By Chip Sekulich, Chaplain, Twelve Stone Health Partners
It is much easier to trust God when everything in our lives is sunshine and roses. When the bills are paid, everyone we love is safe and healthy and the pantry and fridge are full, we easily walk around humming, “God is so good”.
Who wouldn’t trust when God when He seems to be answering our prayers as soon as we ask–or better yet before we ask? It is fairly easy to trust in Him during the positive times, and we sense His presence in every area of our lives.
Then there are those times that one philosopher called ”the dark nights of the soul”— when we turn to God in our pain and our tears, we plead and pray and yet feel we are met with deafening silence. We’ve all had them, those painful moments when you desperately need to hear from God, but it seems He is nowhere to be found. I call these, the “Silent Times.”
Silent Times are not new. Key people in the Bible went through the pain of Silent Times in their lives.
Job was a man who loved God and his family. Disaster descended and took everything that he valued, including his children and his health. Though we often hear of “the Patience of Job,” we miss the fourteen times that he asked God “why” without receiving the answers that he sought.
Then, there is Joseph. Talk about waiting on God for an answer! He was cruelly thrown in a pit and sold into slavery as a young teen by his brothers. When things finally started looking up, he was falsely accused and imprisoned for thirteen hard years, for a crime that he didn’t commit. Even the great King David experienced Silent Times in his life. We get to hear one of the many times that he pleads with God during one of his Silent Times in Psalm 10:1, “O Lord, why do you stand so far away? Why do you hide when I am in trouble?”
We also hear the Apostle Paul speak of his experience in the Silent Times in 2 Corinthians 1:8-10 when he said, “We think you ought to know, dear brothers and sisters, about the trouble we went through in the province of Asia. We were crushed and overwhelmed beyond our ability to endure, and we thought we would never live through it. In fact, we expected to die.”
In the same passage, Paul then goes on to reveal that Silent Times are not only orchestrated by God but are actually used by Him for our benefit: “But as a result, (of the Silent Times) we stopped relying on ourselves and learned to rely only on God, who raises the dead. And he did rescue us from mortal danger, and he will rescue us again. We have placed our confidence in him, and he will continue to rescue us.”
In my personal experience, I have had at least three key take-aways from Silent Times:
God may be using our Silent Times shift our focus. God did eventually heal, restore, and bless Job, but He never did give Job a direct explanation. God simply reminded Job that He was God, and Job wasn’t. Job found relief and rescue once he shifted his focus from himself to others (Job 42:10) And the Lord restored Job’s losses when he prayed for his friends. Indeed, the Lord gave Job twice as much as he had before.”
David was so deeply touched by his Silent Times that he humbled himself, confessed his sin, and found the grace and peace that came from a restored relationship with God. In part, because of his reaction to his Silent Times, David is known to this day as a “man after God’s own heart.”
God can use our Silent Times as a classroom. Though the Apostle Paul was highly educated, he always saw himself as needing to grow and develop spiritually. In Philippians 4:11-13 he used an interesting phrase to describe what his takeaway was from his Silent Times. He said that in spite of his circumstances, he had “learned to be content.” Could it be that God may be trying to use our Silent Times to teach us to switch our focus from gaining more “stuff” to what really matters? By the way, it was the Apostle Paul that shared one of the lessons that he learned during his Silent Times when he penned, “Yet true godliness with contentment is itself great wealth. After all, we brought nothing with us when we came into the world, and we can’t take anything with us when we leave it.”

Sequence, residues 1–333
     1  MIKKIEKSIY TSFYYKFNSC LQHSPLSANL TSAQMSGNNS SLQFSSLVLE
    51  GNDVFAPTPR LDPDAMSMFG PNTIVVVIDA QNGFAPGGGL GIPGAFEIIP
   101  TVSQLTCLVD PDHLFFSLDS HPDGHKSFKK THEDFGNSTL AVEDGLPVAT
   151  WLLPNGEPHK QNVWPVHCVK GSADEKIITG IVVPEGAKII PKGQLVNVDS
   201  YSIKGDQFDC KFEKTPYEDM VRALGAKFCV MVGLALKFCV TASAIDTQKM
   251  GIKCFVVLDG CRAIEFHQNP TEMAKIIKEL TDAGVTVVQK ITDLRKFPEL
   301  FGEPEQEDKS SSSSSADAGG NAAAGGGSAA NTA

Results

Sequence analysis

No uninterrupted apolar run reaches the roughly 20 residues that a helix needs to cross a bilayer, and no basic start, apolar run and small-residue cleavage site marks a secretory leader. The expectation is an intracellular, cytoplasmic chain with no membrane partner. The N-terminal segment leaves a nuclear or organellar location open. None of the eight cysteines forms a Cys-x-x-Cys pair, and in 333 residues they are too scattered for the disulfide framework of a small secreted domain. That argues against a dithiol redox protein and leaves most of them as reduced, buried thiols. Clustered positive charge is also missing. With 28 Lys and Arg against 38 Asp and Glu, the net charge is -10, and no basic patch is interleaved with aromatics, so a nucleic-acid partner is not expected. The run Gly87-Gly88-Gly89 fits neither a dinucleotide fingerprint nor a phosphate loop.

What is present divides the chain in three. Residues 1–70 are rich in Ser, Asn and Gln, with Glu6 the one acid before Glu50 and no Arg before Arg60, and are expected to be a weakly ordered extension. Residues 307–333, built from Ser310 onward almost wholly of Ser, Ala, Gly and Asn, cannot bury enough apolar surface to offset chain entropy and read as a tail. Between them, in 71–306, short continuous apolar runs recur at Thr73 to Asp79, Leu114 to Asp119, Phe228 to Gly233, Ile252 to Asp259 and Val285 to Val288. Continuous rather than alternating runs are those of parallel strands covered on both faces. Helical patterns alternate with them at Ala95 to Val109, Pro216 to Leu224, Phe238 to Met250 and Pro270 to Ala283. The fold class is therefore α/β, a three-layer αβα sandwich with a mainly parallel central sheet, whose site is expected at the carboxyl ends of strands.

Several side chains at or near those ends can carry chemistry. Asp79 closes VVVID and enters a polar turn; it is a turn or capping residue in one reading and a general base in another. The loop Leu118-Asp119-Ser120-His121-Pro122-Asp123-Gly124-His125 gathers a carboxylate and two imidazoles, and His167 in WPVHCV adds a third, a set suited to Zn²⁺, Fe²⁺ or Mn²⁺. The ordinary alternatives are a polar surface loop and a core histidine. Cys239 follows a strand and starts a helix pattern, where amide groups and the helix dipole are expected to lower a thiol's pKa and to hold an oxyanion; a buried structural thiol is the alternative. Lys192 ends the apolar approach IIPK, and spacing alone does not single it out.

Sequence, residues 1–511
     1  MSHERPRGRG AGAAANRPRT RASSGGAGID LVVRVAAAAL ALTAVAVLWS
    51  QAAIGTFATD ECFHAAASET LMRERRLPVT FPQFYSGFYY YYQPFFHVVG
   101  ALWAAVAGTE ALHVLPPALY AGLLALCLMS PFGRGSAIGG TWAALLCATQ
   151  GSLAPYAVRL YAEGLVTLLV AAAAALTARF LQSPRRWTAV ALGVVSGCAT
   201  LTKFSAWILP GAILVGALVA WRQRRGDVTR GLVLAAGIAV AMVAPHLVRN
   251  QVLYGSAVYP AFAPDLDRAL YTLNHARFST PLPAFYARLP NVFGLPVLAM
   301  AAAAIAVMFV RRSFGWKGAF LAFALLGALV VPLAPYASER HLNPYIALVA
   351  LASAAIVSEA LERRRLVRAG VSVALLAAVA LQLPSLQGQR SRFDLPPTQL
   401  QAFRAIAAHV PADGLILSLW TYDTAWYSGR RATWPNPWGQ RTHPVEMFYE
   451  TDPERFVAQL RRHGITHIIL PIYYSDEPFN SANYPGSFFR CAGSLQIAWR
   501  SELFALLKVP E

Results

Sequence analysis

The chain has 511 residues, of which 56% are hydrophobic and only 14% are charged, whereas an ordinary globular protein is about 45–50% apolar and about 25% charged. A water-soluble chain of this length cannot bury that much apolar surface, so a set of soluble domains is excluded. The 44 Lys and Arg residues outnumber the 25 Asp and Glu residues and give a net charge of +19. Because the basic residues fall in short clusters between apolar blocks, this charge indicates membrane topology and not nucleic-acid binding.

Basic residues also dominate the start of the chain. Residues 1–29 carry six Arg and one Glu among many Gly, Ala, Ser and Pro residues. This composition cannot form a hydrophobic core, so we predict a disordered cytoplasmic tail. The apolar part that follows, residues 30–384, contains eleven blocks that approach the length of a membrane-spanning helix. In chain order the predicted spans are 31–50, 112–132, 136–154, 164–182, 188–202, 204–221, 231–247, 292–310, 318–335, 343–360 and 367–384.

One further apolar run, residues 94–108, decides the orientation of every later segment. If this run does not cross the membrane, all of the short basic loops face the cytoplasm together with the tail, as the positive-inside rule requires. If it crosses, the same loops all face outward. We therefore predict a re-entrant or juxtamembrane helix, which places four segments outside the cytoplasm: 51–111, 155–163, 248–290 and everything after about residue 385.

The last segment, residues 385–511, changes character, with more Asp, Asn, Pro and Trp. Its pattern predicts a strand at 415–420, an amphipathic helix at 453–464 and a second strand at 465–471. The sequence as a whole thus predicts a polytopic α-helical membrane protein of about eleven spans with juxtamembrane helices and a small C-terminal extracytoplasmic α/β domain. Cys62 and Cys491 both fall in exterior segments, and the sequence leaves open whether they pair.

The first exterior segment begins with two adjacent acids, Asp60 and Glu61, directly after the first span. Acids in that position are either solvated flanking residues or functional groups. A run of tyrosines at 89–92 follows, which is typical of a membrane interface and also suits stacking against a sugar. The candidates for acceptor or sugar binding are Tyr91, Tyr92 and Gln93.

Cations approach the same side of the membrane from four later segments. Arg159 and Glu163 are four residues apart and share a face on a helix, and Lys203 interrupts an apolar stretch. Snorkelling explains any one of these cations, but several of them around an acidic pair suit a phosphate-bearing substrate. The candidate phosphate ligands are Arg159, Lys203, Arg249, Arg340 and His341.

God often uses our Silent Times to transform us. God may not always immediately change our circumstances, but He often changes us through our circumstances. Prior to experiencing his own dark night of the soul, Joseph appeared to be an overindulged, self-absorbed, spoiled teen who was known as “Daddy’s favorite” and was hated by his brothers for it. God orchestrated Joseph’s long journey and used every difficult step of the way to transform him into the savior of his family, and a nation.
The Lord took Joseph from the pit and the prison and established him in the palace. When he reached the palace, his brothers showed up seeking favor during a famine, never expecting to find the target of their cruelty now in charge of food distribution–the man who literally held their lives in his hands!
Rather than getting even, Joseph surrendered his right to avenge himself and showed grace, mercy, and love toward those who had wronged him so many years before. Joseph would say when confronting and forgiving his brothers who had betrayed him, “But as for you, you meant evil against me; but God meant it for good, in order to bring it about as it is this day, to save many people alive,” -Genesis 50:20.
Just because God doesn’t answer when, where and how we would prefer, doesn’t mean that He doesn’t hear us or is ignoring our pleas. Could it be that He has something far greater in mind, something that will make the suffering worth it? All that He asks of us is that we learn to keep the faith and keep trusting Him- even in the Silent Times. “But without faith it is impossible to please Him, for he who comes to God must believe that He is, and that He is a rewarder of those who diligently seek Him,” -Hebrews 11:6